Digital Signage Asia 2008: The 'ten point agenda' by Punitha Arumugam

By Sapna Nair , afaqs!, Mumbai | In OOH News | October 06, 2008
Punitha Arumugam, group CEO, Madison Media, gave the audience a ten point agenda for the digital signage business to take off

Punitha & #BANNER1 & # Arumugam, group chief executive officer, Madison Media, set the stage on fire at the Digital Signage Asia 2008 conference by revealing her ten point agenda for digital signage to emerge as a preferred medium in the minds of the advertisers and media planners. She stated that while digital signage is an emerging medium, not enough income is coming out of it. Delving deeper into the problem, she did a SWOT (strength, weakness, opportunity, threat) analysis.

Beginning her presentation, Arumugam emphasised that television should not be perceived as a benchmark. "While there are 10,000 digital signage screens, there are 130 million television sets. Hence, to compare the reach of television to that of digital screens is futile and irrelevant," she said.

Even in terms of holding the attention of consumers, she claimed that television did a much better job. "Avoid any TV benchmark," was her first word of advice.

Punitha Arumugam
She compared digital signage with traditional out of home media, which is worth approximately Rs 1,500 crore, has no research tools to gauge its effectiveness, but still has the most inventory sold out. She suggested that digital should apply the same fundamentals as traditional outdoor and not bring too much science into the medium.

Next, she said that digital outdoor players need to eye the below-the-line budgets of the advertiser and not the above-the-line outlays. "While ATL and BTL businesses are worth the same, ATL spends are backed by research and data. However, most BTL decisions are prompted by gut feel. Hence, the client is willing to experiment with the latter," she explained.

The key is to chase the BTL monies and not fight for the ATL budget. While making this point, she also remarked that since this medium is at the bottom of the priority list of media planners, the client should be dealt with (and not the agency), leaving the audience in splits with her confession.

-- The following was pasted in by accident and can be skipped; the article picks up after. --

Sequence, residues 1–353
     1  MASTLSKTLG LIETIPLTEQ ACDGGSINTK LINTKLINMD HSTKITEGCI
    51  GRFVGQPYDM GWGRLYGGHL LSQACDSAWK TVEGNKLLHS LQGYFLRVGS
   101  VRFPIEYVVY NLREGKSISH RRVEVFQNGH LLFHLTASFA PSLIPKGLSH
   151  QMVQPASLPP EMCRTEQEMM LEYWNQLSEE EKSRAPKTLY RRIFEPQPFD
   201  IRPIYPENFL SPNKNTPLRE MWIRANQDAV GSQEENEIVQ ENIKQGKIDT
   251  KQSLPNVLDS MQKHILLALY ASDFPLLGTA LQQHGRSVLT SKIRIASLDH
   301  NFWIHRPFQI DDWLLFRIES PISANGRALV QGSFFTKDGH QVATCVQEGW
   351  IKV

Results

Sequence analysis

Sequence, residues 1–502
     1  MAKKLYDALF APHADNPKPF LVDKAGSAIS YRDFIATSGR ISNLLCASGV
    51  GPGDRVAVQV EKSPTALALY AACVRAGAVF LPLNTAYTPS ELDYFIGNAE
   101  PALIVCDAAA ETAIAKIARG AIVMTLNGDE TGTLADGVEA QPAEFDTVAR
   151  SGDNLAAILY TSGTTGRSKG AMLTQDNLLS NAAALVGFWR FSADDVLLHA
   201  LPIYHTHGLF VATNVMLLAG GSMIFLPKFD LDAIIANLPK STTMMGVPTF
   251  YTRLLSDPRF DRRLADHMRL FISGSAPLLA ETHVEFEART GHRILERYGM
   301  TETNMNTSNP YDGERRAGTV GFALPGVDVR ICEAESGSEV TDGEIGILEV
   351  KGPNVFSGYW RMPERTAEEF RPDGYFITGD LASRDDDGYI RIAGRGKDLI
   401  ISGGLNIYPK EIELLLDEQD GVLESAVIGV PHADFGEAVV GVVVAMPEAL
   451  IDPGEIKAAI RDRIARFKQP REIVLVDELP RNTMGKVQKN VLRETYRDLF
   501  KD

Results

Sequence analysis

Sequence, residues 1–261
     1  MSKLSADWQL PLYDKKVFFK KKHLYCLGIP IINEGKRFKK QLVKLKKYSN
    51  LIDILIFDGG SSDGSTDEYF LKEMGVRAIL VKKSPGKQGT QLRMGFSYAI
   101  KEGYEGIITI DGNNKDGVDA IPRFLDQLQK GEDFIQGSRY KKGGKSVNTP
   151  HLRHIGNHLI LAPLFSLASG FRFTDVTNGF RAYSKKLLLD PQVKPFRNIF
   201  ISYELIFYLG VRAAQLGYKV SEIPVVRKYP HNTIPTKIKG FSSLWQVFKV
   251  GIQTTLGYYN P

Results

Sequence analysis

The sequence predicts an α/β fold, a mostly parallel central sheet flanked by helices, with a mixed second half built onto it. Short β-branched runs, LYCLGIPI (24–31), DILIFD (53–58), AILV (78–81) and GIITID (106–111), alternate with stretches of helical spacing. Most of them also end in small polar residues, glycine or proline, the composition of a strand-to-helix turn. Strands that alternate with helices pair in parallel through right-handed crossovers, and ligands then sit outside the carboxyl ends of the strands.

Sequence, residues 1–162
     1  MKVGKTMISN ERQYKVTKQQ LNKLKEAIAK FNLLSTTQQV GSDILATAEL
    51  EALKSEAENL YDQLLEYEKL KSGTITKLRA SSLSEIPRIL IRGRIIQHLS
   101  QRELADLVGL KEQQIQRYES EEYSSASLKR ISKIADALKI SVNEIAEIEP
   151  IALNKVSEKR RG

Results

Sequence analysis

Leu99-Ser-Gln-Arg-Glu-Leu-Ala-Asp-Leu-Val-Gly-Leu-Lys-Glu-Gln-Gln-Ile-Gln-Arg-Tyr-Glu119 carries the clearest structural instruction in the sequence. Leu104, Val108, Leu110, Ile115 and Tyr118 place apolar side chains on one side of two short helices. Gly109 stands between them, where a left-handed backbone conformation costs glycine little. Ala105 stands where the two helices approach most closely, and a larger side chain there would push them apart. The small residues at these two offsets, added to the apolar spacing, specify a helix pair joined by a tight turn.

Arumugam said that OOH players should not follow the practice of conducting research and presenting it to clients. Her rationale was that since OOH is only a part of a multi-media plan, it is difficult to isolate the rub off from other media. Moreover, she said that all the data gathered information about the medium and not the brand advertised.

She cited the example of TAM, which gauges the efficacy of television as a medium, and does not say anything about which brand was most visible. Likewise, relating OOH research to a brand is a futile effort and better left for the client.

Outdoor players could take a lesson or two from FM radio stations which have expanded their portfolios in order to maximise revenue by getting into activation. "A radio station and activation can connect with the consumer at a local level, which is exactly what clients want these days," she said. Enlarging the advertising pie by going a little beyond the confined space, and by localising and magnifying, revenue could be maximised.

'Explore cross-pollination' was her next idea. Digital screens have the advantage of being everywhere the consumer is, and provide contextual and convenient deals to the advertiser. Arumugam was of the opinion that not much was being done to leverage this strength. "Instead of saying that you can adapt the TV campaign onto the screen, position the medium differently to the client and play up the difference," she suggested.

She shared a trick of the trade to trick the client's mind. 'Anything rare goes at a premium compared to anything available in abundance' was her rationale. "Play up gimmicks to make your medium seem desirable by employing tactful sales and creating an artificial demand," she stated.

Another important point raised by her was for the digital outdoor community to form an industry body. The amount of cost incurred by the media owners in terms of paying for screens, rent and content creation was making it a non viable business model. According to her, forming industry guidelines and reviewing the norm of the business was imperative.

Leveraging the anytime, anywhere medium by making content relevant to the consumer, rather than just disseminating information, was the key. "What are you doing to make the consumers look at the screen?" she questioned, adding that it is the content that attracts and some effort and mind needs to be applied to create unique beneficial content.

Finally, she said that the power of a 'no' can take this medium far higher. 'You get what you believe', taking this phrase seriously and not reducing prices under pressure is a better idea than bending before it. "Leverage the power of a no," she said, ending her presentation, which was followed by an orchestrated applause from the gathering.

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